Guest blog post: Hearing Futures: gamification and virtual reality in the next generation of hearing aid technology

This is a guest blog post by Yuli Levtov (Reactify) of the European Funded project, 3D Tune-In.

Over 90 million people in Europe currently suffer from hearing loss and, due to an ageing population, this number is likely to continue to increase. While hearing aid technologies have dramatically advanced in the last 25 years, people’s perception and use of these devices have changed very little. Hearing aids are now much smaller and more discrete, and incorporate several functions that go far beyond the simple amplification and equalisation operations performed by their older, analogue counterparts.

Miniaturization from an analogue hearing aid (on the left) to a modern digital one (on the right)

Nevertheless, this technological advancement is not always accessible to or accessed by the users. The majority of people with hearing aids use the device as if it was a standard analogue hearing aid i.e. only for its amplification and equalisation features, and new algorithms are under-used or not exploited to their full potential.

As hearing aids have become more complex, the percentage of used features has decreased

Hearing impairment in older adults can lead to frustration, low self-esteem, withdrawal and impair social inclusion. Furthermore, hearing loss among children affects speech and language development, which in turn impacts on academic achievement and future vocational choices.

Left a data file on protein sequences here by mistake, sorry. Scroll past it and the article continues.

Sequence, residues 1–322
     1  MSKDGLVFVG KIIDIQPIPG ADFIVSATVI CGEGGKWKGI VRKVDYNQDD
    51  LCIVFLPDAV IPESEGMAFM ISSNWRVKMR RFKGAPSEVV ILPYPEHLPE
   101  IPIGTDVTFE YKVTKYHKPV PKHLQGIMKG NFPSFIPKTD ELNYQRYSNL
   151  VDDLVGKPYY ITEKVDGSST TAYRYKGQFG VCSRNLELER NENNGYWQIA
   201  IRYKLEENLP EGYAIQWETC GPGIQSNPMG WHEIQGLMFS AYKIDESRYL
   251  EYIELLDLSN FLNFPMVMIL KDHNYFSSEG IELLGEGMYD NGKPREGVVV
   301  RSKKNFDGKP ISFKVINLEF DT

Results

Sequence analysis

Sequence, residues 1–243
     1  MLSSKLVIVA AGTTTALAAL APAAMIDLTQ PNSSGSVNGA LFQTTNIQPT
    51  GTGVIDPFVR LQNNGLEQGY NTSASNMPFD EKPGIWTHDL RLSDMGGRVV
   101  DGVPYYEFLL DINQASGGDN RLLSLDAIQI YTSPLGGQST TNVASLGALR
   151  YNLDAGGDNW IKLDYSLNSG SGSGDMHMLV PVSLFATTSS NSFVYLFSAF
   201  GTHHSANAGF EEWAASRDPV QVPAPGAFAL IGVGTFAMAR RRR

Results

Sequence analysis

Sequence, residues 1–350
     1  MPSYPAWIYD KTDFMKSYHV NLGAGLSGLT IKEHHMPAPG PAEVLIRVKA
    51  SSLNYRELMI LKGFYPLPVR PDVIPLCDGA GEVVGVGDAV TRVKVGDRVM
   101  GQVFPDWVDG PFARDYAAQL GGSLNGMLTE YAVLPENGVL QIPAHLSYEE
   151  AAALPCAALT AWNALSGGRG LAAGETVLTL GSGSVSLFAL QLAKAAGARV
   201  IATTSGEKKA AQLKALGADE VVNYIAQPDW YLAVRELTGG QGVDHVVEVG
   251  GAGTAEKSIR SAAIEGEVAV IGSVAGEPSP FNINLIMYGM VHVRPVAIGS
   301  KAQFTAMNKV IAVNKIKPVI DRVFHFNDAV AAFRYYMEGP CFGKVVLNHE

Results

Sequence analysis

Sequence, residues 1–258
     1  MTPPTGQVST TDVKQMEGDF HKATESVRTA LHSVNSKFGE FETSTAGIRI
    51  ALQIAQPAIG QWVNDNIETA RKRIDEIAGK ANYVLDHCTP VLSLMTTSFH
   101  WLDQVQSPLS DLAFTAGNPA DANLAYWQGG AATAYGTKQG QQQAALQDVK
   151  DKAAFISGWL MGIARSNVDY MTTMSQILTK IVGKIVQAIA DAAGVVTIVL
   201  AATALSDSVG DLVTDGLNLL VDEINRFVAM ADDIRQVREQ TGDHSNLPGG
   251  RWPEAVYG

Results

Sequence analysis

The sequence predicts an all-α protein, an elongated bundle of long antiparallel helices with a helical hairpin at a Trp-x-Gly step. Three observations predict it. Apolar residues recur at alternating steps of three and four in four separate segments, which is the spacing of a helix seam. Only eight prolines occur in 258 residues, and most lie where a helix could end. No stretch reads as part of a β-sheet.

All of this served as the foundation for a European Funded project, 3D Tune-In, which has aimed to tackle many of these issues through innovative uses of modern technology, and collaborations between academia and industry. As part of the project, the project has developed a series of games and applications targeted at various aspects of life that affect hearing aid users, and those they are close to. These range from applications to train elderly users on how to improve their understanding of the various hearing aid function, to a game that helps children without a hearing impairment to understand what it feels like to have hearing loss, with a view to increasing empathy with affected relatives.

In the age of the fresh excitement around the Internet of Things and wearables, it is easy to forget that smart, wearable devices in the form of hearing aids have been around for many decades. Yet, despite this, there are still significant barriers to people using them to their full potential.

Visit the 3D Tune-In website if you are interested in learning more about the project and the applications created therein.

On the 18th April there will be a Hearing Futures event at the V&A and a chance to try out all of the 3D Tune-In applications.